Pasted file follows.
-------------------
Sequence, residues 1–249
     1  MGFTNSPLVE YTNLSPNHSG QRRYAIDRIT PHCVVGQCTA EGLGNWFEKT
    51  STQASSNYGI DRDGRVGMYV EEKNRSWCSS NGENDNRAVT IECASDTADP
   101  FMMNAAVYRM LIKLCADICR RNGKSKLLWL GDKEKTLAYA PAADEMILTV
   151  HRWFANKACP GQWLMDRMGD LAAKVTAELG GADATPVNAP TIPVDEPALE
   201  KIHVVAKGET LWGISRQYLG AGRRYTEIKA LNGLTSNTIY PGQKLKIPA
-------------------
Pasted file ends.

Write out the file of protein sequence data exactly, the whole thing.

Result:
Sequence, residues 1–249
     1  MGFTNSPLVE YTNLSPNHSG QRRYAIDRIT PHCVVGQCTA EGLGNWFEKT
    51  STQASSNYGI DRDGRVGMYV EEKNRSWCSS NGENDNRAVT IECASDTADP
   101  FMMNAAVYRM LIKLCADICR RNGKSKLLWL GDKEKTLAYA PAADEMILTV
   151  HRWFANKACP GQWLMDRMGD LAAKVTAELG GADATPVNAP TIPVDEPALE
   201  KIHVVAKGET LWGISRQYLG AGRRYTEIKA LNGLTSNTIY PGQKLKIPA